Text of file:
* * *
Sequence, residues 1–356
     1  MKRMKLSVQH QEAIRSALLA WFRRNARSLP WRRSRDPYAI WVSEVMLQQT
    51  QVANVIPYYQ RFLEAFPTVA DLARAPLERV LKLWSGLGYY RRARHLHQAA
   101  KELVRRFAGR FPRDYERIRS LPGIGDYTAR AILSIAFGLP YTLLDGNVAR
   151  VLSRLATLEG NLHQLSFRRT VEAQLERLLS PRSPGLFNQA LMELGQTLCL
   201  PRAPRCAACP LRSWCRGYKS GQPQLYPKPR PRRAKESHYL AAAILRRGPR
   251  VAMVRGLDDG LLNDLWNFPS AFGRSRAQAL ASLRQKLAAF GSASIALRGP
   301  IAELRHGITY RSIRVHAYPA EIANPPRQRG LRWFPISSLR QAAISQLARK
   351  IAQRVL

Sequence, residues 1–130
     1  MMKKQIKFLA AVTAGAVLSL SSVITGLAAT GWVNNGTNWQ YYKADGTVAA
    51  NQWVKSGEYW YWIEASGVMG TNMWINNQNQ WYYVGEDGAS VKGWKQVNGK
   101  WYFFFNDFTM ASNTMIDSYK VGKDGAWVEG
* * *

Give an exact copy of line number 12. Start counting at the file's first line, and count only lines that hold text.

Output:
    51  NQWVKSGEYW YWIEASGVMG TNMWINNQNQ WYYVGEDGAS VKGWKQVNGK